Now animated in impressive and dramatic CGI (or what the series nostalgically terms "Hypermarionation,") Gerry Anderson's classic supermarionation program Captain Scarlet (1967) has received a glossy, high-tech twenty-first century re-boot.
As in the original series, this 2005 effort revolves around an top-secret organization called SPECTRUM and the continuing efforts to defeat an extra-terrestrial menace, the Mysterons..."a deadly threat to Earth's security" that in today's world seems highly reminiscent of the "terror" threat from sleeper cells and the like. In this sense, the new series feels more timely than the 1967 one, which came during the James Bond craze and was an unofficial sequel of shorts to the submarine program, Stingray.
Captain Scarlet focuses particularly on the adventures of stolid Captain Paul Scarlet (yes, each SPECTRUM agent is assigned a color as a kind of "code name"...), the only survivor of an ill-fated trip to Mars. After detecting a strange signal on the surface of the red planet, Paul and his fellow officer, Conrad Leekon (Captain Black) end up inadvertently destroying a super-advanced Mysteron metropolis.
"This is the voice of the Mysterons," the aliens tell the duo soon after the incident. "We have watched you for centuries. Your violence disgusts us and now you visit it upon us...We will crush your world."
And so the next long war involving mankind begins, with SPECTRUM HQ housed aboard a hovering aircraft carrier of sorts called Skybase and protected by fighter pilots termed "Angels." At first, Scarlet is sent back to Earth as an indestructible Mysteron agent ("You will be our instrument of destruction," the Mysterons tell him...) , but after a sabotage attempt in Sky Base's engineering section, Paul shakes the influence. Later, Dr. Gold tells Scarlet that his DNA has been altered at a subatomic level. He's not a clone, but Scarlet has been "genetically retrometabolizing."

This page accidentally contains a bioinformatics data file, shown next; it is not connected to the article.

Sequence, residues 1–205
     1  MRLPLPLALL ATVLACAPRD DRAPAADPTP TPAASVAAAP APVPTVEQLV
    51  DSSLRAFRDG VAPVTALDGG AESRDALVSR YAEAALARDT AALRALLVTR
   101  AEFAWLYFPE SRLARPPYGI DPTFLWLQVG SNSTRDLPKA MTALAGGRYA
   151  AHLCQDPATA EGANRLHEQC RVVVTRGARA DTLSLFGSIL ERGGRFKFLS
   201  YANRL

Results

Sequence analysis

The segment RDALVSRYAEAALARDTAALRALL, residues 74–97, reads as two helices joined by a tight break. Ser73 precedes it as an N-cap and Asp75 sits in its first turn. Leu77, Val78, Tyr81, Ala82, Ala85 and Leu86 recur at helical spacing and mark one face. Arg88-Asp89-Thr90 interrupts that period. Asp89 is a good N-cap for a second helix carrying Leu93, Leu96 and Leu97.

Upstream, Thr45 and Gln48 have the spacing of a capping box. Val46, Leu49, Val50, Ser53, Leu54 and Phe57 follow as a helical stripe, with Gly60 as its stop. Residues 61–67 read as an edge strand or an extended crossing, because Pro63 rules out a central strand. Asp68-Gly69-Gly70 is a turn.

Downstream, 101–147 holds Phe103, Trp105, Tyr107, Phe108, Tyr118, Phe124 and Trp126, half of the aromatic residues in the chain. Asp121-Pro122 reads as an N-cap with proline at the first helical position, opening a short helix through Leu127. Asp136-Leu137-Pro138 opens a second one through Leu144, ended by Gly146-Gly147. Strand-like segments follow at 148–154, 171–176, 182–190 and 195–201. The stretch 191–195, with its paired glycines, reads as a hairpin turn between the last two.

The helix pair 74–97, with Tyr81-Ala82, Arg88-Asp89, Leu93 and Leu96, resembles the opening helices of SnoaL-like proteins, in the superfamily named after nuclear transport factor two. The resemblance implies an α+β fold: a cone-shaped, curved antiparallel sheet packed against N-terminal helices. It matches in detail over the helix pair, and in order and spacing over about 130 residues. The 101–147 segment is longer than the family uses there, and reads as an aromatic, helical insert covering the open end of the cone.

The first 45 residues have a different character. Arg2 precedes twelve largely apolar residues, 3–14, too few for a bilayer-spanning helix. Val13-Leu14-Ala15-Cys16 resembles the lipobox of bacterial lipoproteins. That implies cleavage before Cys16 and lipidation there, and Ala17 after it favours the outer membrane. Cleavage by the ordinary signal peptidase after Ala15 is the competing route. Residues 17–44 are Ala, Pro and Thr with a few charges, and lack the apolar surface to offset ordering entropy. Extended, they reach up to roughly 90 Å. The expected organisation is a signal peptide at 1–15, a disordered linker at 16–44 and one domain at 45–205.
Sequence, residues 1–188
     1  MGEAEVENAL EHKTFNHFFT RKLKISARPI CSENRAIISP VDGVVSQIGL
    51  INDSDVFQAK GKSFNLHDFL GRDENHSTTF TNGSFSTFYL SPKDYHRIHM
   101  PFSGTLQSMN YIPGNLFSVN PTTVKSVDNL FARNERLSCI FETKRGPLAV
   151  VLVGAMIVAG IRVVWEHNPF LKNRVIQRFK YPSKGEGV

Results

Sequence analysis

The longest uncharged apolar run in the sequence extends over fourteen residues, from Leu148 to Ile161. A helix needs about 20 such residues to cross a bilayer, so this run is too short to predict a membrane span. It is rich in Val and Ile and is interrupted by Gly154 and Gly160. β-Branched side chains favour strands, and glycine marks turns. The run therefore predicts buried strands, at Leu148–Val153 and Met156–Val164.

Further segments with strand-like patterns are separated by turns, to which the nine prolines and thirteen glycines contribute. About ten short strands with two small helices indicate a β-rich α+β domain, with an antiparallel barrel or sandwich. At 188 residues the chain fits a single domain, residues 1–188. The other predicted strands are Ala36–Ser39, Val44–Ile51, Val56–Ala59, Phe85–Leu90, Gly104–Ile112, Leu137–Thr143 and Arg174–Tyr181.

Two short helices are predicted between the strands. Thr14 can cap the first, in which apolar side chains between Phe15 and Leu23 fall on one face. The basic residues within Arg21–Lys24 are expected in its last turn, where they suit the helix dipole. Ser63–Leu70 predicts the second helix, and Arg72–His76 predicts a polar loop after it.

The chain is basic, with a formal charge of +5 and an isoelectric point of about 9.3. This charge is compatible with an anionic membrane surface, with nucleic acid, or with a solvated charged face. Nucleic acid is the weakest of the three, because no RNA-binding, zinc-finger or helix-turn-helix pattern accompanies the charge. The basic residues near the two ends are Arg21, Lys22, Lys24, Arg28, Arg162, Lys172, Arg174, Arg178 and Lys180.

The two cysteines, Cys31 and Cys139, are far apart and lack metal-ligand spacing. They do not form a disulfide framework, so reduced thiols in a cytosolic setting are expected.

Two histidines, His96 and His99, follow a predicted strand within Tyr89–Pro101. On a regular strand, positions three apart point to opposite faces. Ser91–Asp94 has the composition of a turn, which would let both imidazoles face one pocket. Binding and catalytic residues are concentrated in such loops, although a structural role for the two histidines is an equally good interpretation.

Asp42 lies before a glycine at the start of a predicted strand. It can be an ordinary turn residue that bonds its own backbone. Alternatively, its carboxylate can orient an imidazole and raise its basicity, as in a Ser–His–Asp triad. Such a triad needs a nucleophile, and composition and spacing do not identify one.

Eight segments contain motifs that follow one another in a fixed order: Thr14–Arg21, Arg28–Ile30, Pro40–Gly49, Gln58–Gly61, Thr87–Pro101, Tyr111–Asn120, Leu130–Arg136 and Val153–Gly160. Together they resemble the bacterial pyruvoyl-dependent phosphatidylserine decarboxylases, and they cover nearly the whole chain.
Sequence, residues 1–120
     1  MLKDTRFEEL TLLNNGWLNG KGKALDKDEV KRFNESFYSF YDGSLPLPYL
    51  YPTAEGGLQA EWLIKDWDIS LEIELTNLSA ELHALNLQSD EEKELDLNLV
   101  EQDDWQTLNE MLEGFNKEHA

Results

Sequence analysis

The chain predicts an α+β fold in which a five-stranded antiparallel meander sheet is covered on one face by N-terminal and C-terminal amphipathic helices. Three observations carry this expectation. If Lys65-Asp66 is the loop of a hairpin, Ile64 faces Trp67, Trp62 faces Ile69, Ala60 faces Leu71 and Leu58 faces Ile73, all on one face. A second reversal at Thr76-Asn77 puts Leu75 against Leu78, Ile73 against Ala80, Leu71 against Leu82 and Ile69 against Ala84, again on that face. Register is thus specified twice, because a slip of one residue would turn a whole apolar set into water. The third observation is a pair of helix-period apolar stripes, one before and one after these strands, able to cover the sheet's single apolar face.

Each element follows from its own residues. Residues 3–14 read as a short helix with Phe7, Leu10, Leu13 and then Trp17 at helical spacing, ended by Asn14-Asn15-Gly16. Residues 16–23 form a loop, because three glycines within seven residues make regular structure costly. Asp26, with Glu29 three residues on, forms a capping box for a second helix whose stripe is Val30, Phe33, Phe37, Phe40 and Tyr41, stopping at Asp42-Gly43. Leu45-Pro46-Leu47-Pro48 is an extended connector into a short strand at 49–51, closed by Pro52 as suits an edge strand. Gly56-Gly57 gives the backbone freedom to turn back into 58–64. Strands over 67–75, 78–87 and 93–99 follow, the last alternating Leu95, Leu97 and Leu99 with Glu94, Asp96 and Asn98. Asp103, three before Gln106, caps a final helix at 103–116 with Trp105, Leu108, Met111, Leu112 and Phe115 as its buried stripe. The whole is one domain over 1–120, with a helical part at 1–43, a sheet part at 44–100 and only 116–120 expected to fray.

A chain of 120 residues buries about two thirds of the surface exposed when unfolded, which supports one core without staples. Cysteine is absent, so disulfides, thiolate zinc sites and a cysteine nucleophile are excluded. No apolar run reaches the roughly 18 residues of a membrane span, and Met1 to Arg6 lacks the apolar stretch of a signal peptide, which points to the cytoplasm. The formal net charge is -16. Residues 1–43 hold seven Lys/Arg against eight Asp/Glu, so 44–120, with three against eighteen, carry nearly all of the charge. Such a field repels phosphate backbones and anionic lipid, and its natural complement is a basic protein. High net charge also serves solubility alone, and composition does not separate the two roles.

Black is not so lucky; and he becomes the perpetual nemesis on the series....hatching one plan of destruction after the other. In the first two-parter, we see him teaming up with another Mysteron agent, a captain of industry from Trans Global, a corporation with Halliburton-like breadth.
In so many ways, the new Captain Scarlet feels like a holdover from the optimistic late 1960s and early 1970s. Inherent in the series' central story arc is the steadfast belief that we can not only compete technologically with the formless Martian enemies, but actually prevail in that battle. Edited with a sense of hyperactivity, the series - like many Gerry Anderson classics - boasts amazing vehicle designs and plenty of effects shots of vehicles launching, racing and landing. All this material is incredibly impressive.
The new Captain Scarlet, at least in its first two part episode, is so energetic that it iactually proves exhausting at times. There are more techie treats here than the viewer can shake a stick at: transforming space craft, escape pods crash landings, a sky-diving chase replete with a flying motorcycle, vehicles spinning on ice in Siberia, under fire from giant tanks, and the inevitable ticking clock finale, which finds Captain Black threatening to destroy the world with stolen fuel rods that could "blow the planet in half."
All this, and there's time for fetching squadron leader Destiny Angel to experience a crisis of faith too. If only the writers found time for her to reprise the famous UFO astronaut striptease from "Identified." Yes, Destiny is one hot CGI babe...
Also - again like many Gerry Anderson series - there's a shortage of realistic character development in this action-packed opener, but ultimately that's okay. Future episodes get the balance right, and this two-parter serves as a James-Bondian-type re-introduction to the world of SPECTRUM. Some people will miss the puppets, no doubt, but David Lane's direction is so fast-paced, nostalgia is an afterthought, I think. If I were twelve-years old today, and I switched the channel to Captain Scarlet, I would be absolutely spellbound. The series is faithful but not slavish to the source material, and very well-done.
The next episode...."Swarm."